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California Rangeland in a drier and warmer future: A synthesis and empirical assessment of potential impacts

Principal Investigator: Jeremy James

Between 2012 and 2014 California experienced conditions that were warmer and drier than any period over the last 1200 years. Evidence is rapidly mounting indicating that these co-occurring periods of precipitation deficit and warm temperatures are human caused, likely to increase over the next century, and result in levels of drought intensity and duration rivaling those documented in the paleoclimate records.

Understanding how these anthropogenic stressors will impact flows of ecosystem services in California is one of the most serious research challenges of our time.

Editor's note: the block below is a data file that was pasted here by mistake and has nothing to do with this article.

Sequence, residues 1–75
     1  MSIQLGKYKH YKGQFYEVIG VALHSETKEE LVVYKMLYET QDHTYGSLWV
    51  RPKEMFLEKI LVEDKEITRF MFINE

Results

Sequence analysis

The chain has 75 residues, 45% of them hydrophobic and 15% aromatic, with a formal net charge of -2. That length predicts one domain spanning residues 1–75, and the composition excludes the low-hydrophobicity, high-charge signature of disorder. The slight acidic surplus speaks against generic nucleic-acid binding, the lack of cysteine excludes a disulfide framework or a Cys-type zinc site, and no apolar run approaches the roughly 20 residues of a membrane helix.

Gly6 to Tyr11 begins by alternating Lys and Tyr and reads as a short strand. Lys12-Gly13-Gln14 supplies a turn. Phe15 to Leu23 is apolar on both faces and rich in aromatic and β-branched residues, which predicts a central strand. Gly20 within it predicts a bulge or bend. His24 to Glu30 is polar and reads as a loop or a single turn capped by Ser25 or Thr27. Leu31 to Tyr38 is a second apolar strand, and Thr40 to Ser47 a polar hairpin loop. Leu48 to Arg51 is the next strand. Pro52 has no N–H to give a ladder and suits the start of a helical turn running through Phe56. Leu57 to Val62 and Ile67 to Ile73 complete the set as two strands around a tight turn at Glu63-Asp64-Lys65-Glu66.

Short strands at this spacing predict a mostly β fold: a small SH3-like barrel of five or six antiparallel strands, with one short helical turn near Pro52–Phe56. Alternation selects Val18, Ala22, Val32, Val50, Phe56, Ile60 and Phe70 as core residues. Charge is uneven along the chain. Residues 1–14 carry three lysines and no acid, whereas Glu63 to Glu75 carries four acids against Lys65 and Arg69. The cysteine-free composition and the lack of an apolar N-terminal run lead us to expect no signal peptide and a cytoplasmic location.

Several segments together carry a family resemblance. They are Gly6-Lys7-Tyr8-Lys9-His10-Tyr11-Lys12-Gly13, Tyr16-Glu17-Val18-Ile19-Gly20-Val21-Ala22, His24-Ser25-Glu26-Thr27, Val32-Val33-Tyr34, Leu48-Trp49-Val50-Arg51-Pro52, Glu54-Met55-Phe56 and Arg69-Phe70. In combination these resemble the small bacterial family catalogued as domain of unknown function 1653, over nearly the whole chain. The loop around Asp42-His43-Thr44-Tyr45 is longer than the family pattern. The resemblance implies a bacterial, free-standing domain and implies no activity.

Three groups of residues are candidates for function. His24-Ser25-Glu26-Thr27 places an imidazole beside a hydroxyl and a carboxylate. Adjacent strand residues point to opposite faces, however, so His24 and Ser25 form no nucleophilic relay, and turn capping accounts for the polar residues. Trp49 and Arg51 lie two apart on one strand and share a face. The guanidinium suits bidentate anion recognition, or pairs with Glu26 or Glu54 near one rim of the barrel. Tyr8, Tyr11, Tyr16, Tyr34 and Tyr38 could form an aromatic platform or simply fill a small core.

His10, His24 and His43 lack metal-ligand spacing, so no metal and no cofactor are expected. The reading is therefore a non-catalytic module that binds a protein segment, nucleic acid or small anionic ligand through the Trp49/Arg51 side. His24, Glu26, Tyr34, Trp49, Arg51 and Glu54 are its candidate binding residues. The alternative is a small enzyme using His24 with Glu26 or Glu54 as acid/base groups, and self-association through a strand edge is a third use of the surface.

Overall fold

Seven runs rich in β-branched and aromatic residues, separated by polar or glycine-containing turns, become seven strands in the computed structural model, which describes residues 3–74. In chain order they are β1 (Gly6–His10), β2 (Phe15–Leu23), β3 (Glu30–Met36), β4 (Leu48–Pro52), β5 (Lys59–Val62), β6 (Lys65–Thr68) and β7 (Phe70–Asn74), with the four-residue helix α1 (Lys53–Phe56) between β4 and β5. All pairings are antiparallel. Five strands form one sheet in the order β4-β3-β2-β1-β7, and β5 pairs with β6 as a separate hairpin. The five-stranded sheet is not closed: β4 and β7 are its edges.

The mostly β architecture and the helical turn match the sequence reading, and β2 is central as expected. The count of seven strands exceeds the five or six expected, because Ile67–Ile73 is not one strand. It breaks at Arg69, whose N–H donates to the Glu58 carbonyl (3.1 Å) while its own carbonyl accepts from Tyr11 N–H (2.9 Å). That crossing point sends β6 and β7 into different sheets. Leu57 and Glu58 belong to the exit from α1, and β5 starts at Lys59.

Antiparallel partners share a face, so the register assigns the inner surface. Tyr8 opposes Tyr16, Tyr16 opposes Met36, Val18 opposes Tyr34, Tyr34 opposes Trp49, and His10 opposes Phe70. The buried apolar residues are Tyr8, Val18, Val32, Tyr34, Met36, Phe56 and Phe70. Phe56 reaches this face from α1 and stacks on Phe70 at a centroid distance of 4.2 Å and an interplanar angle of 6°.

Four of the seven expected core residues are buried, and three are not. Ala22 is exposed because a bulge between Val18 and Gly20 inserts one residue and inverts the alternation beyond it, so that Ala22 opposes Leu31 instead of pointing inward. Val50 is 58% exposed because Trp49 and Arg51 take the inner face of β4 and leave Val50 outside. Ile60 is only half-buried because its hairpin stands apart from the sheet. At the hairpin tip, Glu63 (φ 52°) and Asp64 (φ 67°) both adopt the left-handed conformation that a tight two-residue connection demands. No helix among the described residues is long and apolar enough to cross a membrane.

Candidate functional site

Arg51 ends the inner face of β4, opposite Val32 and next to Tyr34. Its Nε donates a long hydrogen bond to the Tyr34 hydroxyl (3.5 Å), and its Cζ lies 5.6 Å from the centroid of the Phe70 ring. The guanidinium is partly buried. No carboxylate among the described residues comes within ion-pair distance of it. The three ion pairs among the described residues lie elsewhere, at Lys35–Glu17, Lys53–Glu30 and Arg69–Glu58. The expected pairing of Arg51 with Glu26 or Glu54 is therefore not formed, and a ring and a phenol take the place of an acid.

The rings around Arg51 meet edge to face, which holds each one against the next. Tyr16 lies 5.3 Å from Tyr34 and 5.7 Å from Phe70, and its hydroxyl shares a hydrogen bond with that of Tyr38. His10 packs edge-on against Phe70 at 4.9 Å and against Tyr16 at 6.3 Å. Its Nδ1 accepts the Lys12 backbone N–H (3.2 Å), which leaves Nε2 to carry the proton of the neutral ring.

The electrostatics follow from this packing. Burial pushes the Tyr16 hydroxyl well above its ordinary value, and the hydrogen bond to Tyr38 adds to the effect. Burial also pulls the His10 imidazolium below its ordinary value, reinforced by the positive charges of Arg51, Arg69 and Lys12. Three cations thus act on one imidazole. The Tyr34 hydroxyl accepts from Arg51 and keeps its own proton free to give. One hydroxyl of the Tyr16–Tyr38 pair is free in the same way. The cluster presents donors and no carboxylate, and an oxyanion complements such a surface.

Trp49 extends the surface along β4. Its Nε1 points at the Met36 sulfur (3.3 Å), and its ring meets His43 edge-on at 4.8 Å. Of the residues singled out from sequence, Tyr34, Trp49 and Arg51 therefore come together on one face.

The broad objectives of this work are to:

  1. Synthesize previous and ongoing work by ANR academics and other REC researchers on how precipitation and temperature variation, along with herbaceous species composition influence forage production on annual rangeland and integrate appropriate data sets in to available modeling frameworks to forecast future effects of climate change on rangeland forage production.
  2. Identify direct and indirect pathways in which warming, precipitation, and species interactions influence oak woodland regeneration.

Collectively, this project will improve our ability to scale global change to local and regional impacts and, for the first time, provide stakeholders an evidence- based framework to prepare for a warmer and drier future.